on the 8th day of the 8th month of the year 1988, AMN 2388, a Tata Motors 1616 truck carrying petroleum blew up somewhere in West Bengal. Such was the impact of the explosion that the railway bridge against which the vehicle collided came crashing down. Molten iron and 42 dead people lay there in a heap. R.C. Baid can never forget that day. It was his second day in office. And AMN 2388 was one of the first trucks he had bought, from his savings, to start his own road transport business. The accident threatened to close down his venture. Indian Railways sued Baid. The claim passed on to the insurers, New India Assurance. New India, in turn, sued the Public Works Department (PWD) claiming that the speed breaker on the location was too high and too close to the bridge. The PWD, in turn, sued Indian Railways claiming that the bridge was too low and that had caused the accident. As things turned out, Indian Railways didnât pursue the litigation and Baid survived.
For someone who started off literally with a bang, Baid, 49, has made a lot of quiet progress. Siddhi Vinayak Logistics, a company founded by him in Surat, owns a fleet of more than 1,500 trucks. He has 20 of the top 30 blue chips as his clients: Tata Motors, Tata Steel, Essar Steel, Bharat Petroleum and Mahindra & Mahindra (M&M) are just some of them. And Baid says the privately owned Siddhi Vinayak crossed a net turnover of Rs. 200 crore last year. But his beginnings were humble enough. Baid never went to school and got married at the age of 16. Like businessmen of a bygone era, he travels everywhere with a briefcase, speaking in broken English. He is also addicted to chewing tobacco. Two hours into our meeting and chewing his fifth dose of tobacco, he admits, âI am diabetic, suffer from high blood pressure and have problems sleeping at night.â Not the type of guy you would associate with the big transformation that the Indian road transport sector is witnessing today. The truth is, Baid is one of the handful of logistics businessmen driving that change. For long, Indiaâs truckers thought small. They operated low horsepower (HP) trucks that could cover no more than 300 kilometres a day. Even though Indiaâs booming industrial growth created a demand for faster, more powerful vehicles so that raw materials could reach factories and finished goods reach consumers on time, the countryâs abysmal road infrastructure wasnât ready for the upgrade. The logistics industry is also fragmented and most of them are small players with limited capital. Repeated attempts by vehicle makers to launch super trucks have failed.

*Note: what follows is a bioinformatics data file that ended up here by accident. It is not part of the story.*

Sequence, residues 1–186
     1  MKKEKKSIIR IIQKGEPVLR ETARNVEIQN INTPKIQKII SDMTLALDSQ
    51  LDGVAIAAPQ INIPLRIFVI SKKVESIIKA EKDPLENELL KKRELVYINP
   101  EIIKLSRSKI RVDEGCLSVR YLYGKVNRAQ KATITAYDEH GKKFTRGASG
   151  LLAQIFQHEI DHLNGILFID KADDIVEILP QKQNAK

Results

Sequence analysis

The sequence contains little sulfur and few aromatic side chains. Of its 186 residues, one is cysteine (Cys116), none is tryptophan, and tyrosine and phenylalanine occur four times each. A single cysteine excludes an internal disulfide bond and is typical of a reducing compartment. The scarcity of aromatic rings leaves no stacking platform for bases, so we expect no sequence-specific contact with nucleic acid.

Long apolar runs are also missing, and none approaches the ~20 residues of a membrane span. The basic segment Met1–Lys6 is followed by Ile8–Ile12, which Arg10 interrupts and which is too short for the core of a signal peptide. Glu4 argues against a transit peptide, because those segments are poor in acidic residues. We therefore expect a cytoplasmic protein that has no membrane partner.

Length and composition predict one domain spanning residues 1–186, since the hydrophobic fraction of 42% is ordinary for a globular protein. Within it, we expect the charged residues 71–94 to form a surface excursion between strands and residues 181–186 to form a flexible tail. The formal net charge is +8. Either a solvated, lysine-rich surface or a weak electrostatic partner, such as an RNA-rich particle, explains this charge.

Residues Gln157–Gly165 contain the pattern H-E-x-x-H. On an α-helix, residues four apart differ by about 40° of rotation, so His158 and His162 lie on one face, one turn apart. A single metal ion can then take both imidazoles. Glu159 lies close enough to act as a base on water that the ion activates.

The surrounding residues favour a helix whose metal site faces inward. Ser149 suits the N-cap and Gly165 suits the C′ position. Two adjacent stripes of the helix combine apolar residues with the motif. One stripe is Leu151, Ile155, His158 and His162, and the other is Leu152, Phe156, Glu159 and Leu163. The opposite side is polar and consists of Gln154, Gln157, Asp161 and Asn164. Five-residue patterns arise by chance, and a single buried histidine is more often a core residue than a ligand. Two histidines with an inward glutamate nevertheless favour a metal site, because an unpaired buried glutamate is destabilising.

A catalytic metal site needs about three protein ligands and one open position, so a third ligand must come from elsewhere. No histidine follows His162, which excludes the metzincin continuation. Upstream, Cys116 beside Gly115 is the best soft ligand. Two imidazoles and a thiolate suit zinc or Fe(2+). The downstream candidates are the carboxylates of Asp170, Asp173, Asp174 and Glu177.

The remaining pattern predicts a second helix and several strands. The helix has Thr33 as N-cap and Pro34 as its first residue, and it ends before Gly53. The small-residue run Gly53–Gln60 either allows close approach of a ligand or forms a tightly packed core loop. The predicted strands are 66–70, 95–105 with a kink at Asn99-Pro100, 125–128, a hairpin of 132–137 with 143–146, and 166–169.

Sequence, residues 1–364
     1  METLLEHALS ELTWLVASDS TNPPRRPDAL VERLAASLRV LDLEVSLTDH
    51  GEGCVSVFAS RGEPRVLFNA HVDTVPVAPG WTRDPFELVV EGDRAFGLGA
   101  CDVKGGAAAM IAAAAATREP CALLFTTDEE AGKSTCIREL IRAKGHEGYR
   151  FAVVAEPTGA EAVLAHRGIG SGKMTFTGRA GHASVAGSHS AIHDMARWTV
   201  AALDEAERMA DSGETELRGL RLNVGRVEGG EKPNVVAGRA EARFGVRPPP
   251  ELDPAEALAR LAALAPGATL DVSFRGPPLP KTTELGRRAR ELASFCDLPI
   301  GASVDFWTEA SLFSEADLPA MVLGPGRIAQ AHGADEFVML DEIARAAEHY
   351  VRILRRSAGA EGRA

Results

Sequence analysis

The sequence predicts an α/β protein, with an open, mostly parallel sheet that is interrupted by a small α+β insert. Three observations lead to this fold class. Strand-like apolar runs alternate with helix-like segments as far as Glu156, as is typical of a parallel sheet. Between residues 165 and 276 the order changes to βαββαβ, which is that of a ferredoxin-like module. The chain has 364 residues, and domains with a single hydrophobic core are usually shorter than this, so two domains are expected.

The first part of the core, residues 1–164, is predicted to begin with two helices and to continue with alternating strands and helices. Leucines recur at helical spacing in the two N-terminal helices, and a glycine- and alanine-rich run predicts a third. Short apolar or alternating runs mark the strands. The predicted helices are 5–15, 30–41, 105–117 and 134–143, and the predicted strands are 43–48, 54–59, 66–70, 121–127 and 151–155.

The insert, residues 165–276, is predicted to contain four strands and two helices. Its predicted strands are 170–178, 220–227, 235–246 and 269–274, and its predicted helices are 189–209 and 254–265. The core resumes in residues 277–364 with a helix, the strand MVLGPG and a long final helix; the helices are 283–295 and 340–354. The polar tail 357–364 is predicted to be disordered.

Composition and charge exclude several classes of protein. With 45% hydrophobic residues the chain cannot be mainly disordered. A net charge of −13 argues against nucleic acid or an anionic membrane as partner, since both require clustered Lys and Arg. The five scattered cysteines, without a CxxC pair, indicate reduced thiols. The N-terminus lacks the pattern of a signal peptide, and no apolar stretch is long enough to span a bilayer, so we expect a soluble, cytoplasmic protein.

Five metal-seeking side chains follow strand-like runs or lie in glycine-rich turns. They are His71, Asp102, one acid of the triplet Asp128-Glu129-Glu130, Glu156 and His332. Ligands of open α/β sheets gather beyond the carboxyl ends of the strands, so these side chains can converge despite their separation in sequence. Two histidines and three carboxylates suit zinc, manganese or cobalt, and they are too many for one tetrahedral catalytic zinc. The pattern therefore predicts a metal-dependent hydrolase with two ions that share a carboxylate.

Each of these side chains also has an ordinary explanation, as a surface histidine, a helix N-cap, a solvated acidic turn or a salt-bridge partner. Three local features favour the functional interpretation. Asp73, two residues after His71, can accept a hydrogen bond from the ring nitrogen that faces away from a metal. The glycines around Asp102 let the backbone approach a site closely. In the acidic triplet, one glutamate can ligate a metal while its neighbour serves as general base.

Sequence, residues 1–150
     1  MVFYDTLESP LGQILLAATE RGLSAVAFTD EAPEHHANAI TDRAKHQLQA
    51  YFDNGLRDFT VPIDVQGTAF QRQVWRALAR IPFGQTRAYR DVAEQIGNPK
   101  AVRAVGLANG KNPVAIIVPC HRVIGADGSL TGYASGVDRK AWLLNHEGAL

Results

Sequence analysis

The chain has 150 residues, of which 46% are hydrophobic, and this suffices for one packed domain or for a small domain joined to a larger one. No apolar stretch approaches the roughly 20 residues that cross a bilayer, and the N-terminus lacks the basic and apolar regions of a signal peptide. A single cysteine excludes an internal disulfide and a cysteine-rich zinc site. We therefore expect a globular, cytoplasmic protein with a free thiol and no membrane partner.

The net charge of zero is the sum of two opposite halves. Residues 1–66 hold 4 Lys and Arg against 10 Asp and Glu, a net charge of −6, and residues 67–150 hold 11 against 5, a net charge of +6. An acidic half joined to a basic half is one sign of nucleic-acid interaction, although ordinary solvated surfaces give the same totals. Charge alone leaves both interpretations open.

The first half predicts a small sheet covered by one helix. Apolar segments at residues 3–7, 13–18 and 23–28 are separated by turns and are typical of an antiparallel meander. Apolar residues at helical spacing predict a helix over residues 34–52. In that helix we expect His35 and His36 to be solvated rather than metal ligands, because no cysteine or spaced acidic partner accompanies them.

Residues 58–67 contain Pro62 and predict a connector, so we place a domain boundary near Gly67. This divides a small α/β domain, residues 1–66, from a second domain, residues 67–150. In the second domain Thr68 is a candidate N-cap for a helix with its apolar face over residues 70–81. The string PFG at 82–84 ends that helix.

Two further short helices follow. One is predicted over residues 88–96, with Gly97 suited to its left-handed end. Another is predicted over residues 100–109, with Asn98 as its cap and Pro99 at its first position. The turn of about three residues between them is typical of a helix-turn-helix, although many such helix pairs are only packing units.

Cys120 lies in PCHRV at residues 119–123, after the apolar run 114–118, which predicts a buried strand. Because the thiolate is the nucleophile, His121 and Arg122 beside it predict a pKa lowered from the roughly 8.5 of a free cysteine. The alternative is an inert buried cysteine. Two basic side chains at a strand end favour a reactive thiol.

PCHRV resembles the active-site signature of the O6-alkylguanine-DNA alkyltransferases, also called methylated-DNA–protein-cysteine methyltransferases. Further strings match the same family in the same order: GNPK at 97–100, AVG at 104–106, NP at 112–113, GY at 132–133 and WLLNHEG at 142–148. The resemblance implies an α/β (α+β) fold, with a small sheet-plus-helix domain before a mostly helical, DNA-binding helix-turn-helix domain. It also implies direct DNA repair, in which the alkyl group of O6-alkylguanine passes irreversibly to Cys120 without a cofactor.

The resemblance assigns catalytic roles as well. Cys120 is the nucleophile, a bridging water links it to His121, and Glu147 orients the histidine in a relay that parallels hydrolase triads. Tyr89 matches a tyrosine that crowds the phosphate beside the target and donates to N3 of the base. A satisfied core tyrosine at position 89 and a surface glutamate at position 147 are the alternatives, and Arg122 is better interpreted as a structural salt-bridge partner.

But Baid and a select few truckers are demonstrating that the time for the upgrade has come. Late in 2009, Baid ordered 100 trucks from Tata Motors at 285 HP and Rs. 31 lakh price tag each. By going in for trucks 60 percent more powerful than the ones already in his fleet, he was taking a big risk. The upfront investment and the costs of operation would rise significantly. This is the fear that holds back smaller truckers from experimenting with such heavy pulling vehicles. But then, why did Baid decided to take the plunge. Baid says he hopes to recover his investment by running more trips with these faster and more powerful trucks. The roads have improved, especially in the last two years, and the industry is quite willing to pay a premium for faster delivery. If Baid succeeds, there is no reason why hundreds of other truckers wonât follow. Truck makers have already begun to respond to this unfolding change.